Wednesday, April 25, 2012

Marked by Fire and the Gathering of Souls

Contributors Present: Chie Lee, Sharon Heath, Jacqueline Gerson, Naomi Lowinsky,
 Karlyn Ward, Patricia Damery,  Dennis Patrick Slattery, Jean Kirsch,
Robert Romanyshyn, Claire Douglas, Gilda Frantz, at Saturday evening dinner.

Several of the Marked by Fire: Stories of the Jungian Way authors traveled to Los Angeles on April 14 & 15 for the official book launch hosted by the C.G. Jung Institute of Los Angeles. The Saturday evening before the launch, one of the contributors, Chie Lee, President of the Los Angeles Institute, hosted a dinner for the authors and their spouses. Eleven of the thirteen contributors were able to be present.

Henry Abramovitch on Skype
from Jerusalem.

Jerome Bernstein via
Skype from Sante Fe. 

Sunday's book launch was a full house at Temple Isaiah across the street from the Los Angeles C.G. Jung Institute. Christophe Le Mouel, Executive Director of the LA Institute, arranged Skype so that Jerome Bernstein from Santa Fe and Henry Abromovitch from Jerusalem could also join the celebration.

Marked By Fire: Stories of the Jungian Way

Fisher King Press publishes an eclectic mix of worthy books including 
Jungian Psychological Perspectives, Cutting-Edge Fiction, Poetry, 
and a growing list of alternative titles. 

Thursday, April 19, 2012

Merritt on "The Hunger Games," Politics, and the Environment

by Dennis L. Merritt, Ph.D., Jungian Analyst, Ecopsychologist
The movie The Hunger Games at one level depicts the adolescent's world on steroids and at another level relates to powerful forces stirring in America. As a nation we are struggling to find a new identity as the myths that have sustained us are showing their age and ineptness while the controlling powers are expressing themselves more strongly. In Games those controlling forces directed by President Snow, played by Donald Sutherland, are challenged by a powerful feminine energy in the form of sixteen year old Katniss Everdeen, played by Jennifer Lawrence.

The Story from an Archetypal Perspective

In the film the rule of the archetype of the Old King as embodied by the President is nearing its end. The King represents the dominant features of a culture depicted in its values, attitudes, behaviors and systems. (1) Old systems in Snow's realm are showing signs of strain in a decadent society that has lost its soul. The ruling power uses intimidation, deceit and diversions to maintain its position. The Capitol is the powerhouse and center of President's domain, a place of ultra modernity in its buildings, machines, and electronic marvels. It is inhabited by a ruling elite of shallow people living in luxury who are caricatures of humans with their bizarre clothing, makeup and behaviors. This society without a heart is epitomized by an annual event—The Hunger Games—captivating the entire culture. The games cruel nature is symptomatic of the absence of the Queen archetype—there is no feminine companion/counterpart to the President. The Queen symbolizes the Eros or archetypal feminine in a culture, the feeling values and how people relate to each other. In the film a primary feminine figure is the woman who reaps the tributes from the districts: a shallow, empty, painted woman enamored with the allure of the games.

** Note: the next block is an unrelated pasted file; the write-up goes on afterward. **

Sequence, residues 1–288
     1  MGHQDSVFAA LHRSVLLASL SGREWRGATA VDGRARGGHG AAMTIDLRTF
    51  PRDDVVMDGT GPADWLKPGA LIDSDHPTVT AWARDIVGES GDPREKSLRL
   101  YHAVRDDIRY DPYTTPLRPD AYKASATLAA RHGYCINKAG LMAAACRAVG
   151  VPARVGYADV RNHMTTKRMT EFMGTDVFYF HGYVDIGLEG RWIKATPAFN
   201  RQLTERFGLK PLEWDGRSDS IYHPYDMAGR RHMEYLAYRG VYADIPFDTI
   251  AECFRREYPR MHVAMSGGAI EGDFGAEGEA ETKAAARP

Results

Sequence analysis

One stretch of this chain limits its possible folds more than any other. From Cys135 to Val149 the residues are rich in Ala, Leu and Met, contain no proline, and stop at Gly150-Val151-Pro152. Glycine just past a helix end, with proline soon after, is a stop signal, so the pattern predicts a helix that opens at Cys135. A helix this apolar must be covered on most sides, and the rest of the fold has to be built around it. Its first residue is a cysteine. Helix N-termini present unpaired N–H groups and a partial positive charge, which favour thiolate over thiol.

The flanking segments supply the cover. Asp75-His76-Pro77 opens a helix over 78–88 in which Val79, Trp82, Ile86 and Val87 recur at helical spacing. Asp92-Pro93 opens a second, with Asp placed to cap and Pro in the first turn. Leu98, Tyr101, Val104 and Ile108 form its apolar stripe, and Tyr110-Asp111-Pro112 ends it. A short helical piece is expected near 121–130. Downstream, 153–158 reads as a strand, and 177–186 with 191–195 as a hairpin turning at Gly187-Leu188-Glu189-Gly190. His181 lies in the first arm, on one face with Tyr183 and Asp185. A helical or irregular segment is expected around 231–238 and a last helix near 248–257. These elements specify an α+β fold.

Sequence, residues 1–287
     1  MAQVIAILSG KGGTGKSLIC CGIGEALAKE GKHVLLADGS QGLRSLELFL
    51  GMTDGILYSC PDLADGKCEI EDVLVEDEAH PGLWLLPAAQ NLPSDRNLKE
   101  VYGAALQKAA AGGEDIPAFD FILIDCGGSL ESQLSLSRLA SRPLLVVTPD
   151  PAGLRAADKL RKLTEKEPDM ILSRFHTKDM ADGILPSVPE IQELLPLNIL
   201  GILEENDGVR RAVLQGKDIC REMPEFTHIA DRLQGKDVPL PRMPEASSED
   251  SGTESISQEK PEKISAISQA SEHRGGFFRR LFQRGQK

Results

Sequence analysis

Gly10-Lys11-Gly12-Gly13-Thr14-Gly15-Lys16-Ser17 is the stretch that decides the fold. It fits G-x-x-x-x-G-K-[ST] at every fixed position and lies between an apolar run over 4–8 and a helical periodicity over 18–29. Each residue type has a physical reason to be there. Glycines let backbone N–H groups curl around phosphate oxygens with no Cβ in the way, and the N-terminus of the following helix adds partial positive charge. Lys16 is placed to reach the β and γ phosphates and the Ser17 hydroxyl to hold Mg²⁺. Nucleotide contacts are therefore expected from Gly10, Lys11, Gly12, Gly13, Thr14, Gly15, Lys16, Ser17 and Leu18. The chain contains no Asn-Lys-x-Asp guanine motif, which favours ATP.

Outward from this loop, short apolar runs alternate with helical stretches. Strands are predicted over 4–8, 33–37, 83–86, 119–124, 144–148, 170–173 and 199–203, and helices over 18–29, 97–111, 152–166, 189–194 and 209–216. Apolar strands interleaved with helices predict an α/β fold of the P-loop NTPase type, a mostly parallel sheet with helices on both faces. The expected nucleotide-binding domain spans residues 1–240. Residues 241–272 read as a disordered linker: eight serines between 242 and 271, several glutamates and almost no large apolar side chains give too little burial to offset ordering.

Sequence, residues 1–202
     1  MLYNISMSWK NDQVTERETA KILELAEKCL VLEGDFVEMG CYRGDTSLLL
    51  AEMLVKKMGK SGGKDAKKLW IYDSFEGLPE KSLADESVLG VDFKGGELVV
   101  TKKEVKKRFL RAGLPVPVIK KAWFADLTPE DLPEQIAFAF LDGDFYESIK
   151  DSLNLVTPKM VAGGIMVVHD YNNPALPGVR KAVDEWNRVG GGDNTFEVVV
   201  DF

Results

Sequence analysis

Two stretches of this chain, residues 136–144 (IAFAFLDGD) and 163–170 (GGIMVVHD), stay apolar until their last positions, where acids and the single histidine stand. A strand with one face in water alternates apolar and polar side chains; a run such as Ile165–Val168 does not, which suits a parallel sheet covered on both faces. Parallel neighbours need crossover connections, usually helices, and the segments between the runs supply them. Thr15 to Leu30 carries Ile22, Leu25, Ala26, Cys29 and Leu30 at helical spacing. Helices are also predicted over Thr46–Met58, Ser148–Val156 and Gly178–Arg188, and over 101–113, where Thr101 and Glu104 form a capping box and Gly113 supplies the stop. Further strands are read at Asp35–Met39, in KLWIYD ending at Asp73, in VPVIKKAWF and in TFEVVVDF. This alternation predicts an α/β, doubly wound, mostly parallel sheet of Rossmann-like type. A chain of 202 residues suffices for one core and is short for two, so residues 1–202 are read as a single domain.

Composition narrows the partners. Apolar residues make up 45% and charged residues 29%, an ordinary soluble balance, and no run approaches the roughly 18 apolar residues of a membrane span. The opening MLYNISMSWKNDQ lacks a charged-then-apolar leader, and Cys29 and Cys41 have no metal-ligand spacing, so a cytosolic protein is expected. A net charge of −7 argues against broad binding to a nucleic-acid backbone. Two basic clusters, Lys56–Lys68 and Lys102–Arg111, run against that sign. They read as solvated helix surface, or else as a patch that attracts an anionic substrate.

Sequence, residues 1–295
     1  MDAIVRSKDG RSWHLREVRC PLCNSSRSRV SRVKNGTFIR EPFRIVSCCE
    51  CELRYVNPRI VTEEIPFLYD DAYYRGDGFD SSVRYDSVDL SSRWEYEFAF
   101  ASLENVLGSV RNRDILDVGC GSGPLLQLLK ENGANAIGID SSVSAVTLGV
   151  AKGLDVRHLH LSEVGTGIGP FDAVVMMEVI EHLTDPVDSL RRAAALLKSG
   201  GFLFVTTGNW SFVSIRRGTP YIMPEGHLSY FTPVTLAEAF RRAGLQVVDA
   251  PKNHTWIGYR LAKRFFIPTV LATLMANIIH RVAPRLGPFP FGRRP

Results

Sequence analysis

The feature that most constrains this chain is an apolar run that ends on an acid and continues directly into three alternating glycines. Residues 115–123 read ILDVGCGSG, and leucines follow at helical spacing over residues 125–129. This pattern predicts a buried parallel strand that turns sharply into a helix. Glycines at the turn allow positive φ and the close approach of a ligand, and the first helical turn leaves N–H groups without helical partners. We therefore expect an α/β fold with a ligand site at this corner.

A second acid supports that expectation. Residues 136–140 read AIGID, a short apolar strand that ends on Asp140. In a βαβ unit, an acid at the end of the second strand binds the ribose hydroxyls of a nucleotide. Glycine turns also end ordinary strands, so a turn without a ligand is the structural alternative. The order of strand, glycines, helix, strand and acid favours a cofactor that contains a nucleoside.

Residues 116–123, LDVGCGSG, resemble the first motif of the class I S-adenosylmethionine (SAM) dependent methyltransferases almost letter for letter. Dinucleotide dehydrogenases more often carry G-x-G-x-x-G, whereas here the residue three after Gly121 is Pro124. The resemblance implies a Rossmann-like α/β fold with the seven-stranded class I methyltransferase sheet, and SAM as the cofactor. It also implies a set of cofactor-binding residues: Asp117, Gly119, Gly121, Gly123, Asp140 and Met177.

Outside the Capitol lie twelve poor, starving, downtrodden districts still being punished for a rebellion over 74 years ago. Twelve is an archetypal number associated with wholeness (twelve months, twelve apostles). Here we have a kingdom of the haves and the have nots, reflecting the 1% and 99% in American society. Every year a male and a female between the ages of 12 and 18 are selected at random as tribute (sacrifice) to represent their district in The Hunger Games. The randomness highlights the cruel uncertainty of fate, subjecting everyone to its fears. The games are an annual reminder of the punishment for rebelling against the powers that be, a punishment meted out in the form of human lives for the entertainment of the populace and a means of maintaining a fear in both city and country of the ruling power.

The tributes get trained in the arts of combat and survival before being thrown into a dog-eat-dog world—the ultimate survival show—teenage gladiators in a Thunderdome sport. To survive they must generate interest in sponsors, selling themselves to their captors' conscious and unconscious desires. Game activities are manipulated for audience appeal and the rules changed accordingly, including a manufactured love scene. READ MORE

Fisher King Press publishes an eclectic mix of worthy books including 
Jungian Psychological Perspectives, Cutting-Edge Fiction, Poetry, 
and a growing list of alternative titles. 

Tuesday, April 17, 2012

News Release - Sundered

April 17, 2012

Just Published


poems by Phyllis Stowell

“This is not what is true, merely true.” Images of intrusion, aggression, martyrdom, achievement, pilgrimage move in and out of these poems as they move in and out of our dreams, their relation to the lived life real but imponderable. Phyllis Stowell’s writing seems to acquire a new clarity and strength of purpose, paradoxically, as it plunges into the mysterious. For me this stands with Arc of Grief at the top of her work.
—Alan Williamson

Phyllis Stowell is Professor Emerita and Founding Member of Saint Mary’s College of California MFA. Her poems have appeared in over forty traditional and avant-garde reviews. In addition to Sundered, she is the author of several other poetry collections. She is co-editor of Appetite: Food as Metaphor: An Anthology of Women Poets. Phyllis lives in Berkeley, California.
Fisher King Press publishes an eclectic mix of worthy books including 
Jungian Psychological Perspectives, Cutting-Edge Fiction, Poetry, 
and a growing list of alternative titles. 

News Release - Solar Light, Lunar Light

April 17, 2012

Just Published

Solar Light, Lunar Light

by Howard Teich